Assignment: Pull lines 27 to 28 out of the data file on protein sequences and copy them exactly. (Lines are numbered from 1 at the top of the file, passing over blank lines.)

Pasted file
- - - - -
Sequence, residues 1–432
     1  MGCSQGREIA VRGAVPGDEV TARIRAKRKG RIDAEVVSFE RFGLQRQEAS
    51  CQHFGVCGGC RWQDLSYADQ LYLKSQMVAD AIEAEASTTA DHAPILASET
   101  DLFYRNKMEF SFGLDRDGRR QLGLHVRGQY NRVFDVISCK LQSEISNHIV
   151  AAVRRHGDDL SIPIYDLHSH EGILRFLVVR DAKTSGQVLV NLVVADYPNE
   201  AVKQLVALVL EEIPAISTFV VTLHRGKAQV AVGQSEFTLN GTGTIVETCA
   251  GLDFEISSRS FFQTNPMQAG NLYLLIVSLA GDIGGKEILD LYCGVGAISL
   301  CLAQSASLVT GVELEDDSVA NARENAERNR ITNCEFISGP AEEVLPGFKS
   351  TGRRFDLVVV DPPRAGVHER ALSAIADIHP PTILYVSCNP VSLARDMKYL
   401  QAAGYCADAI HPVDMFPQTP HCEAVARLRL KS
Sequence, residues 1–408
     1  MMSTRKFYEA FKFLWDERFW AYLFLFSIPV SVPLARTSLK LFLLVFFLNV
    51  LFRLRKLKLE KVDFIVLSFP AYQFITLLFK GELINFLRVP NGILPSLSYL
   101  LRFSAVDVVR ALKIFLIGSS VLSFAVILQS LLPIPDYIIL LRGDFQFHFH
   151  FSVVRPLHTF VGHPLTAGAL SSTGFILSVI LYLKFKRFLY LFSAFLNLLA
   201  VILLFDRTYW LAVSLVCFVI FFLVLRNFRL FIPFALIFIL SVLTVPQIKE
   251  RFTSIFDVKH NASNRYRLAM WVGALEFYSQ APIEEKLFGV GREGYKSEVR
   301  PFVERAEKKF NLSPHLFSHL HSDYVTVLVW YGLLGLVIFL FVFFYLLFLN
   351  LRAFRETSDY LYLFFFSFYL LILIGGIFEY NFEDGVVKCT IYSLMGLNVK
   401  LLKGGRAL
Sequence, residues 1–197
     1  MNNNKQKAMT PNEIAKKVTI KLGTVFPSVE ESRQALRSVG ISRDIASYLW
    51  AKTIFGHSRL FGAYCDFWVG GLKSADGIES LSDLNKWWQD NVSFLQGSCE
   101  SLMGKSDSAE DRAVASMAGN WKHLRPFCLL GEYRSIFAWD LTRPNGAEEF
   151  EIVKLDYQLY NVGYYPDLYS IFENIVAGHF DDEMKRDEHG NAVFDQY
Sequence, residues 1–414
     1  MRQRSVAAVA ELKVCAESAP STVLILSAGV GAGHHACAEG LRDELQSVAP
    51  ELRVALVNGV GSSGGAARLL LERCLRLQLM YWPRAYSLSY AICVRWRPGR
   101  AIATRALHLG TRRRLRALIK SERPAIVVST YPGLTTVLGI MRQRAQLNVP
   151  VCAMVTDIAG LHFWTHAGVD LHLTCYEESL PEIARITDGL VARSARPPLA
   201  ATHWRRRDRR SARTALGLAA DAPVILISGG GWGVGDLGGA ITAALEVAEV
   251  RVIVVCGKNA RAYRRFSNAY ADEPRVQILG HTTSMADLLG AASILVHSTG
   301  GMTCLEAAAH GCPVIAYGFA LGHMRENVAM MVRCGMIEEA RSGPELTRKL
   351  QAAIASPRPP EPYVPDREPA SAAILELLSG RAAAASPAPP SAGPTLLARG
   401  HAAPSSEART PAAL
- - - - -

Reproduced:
     1  MRQRSVAAVA ELKVCAESAP STVLILSAGV GAGHHACAEG LRDELQSVAP
    51  ELRVALVNGV GSSGGAARLL LERCLRLQLM YWPRAYSLSY AICVRWRPGR